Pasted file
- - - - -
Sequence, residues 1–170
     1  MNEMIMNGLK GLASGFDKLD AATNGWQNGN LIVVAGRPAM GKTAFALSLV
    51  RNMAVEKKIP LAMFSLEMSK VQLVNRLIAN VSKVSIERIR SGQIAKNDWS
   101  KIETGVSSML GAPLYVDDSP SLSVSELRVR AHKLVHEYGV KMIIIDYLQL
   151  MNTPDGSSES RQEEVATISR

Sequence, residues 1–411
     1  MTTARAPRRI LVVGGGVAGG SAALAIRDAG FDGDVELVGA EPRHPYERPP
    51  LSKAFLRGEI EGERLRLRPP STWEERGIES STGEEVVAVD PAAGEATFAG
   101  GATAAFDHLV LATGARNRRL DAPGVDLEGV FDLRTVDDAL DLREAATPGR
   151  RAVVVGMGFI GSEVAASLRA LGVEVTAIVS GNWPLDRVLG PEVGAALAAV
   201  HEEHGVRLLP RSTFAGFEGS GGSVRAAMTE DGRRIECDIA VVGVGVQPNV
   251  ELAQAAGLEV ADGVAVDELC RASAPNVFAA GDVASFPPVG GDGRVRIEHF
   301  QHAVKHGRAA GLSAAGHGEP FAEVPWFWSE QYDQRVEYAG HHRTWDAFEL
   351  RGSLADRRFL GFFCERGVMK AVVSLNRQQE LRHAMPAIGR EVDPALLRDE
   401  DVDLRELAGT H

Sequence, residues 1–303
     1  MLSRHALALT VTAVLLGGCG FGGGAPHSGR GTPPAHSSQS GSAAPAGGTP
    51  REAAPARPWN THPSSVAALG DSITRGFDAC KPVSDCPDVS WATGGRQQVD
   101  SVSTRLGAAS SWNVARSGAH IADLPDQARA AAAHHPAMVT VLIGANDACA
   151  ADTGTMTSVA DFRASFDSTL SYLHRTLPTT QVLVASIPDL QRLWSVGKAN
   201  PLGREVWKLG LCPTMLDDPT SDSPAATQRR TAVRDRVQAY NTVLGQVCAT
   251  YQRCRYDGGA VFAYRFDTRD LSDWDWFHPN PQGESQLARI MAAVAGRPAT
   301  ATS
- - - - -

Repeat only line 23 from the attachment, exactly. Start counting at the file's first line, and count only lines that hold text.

   301  ATS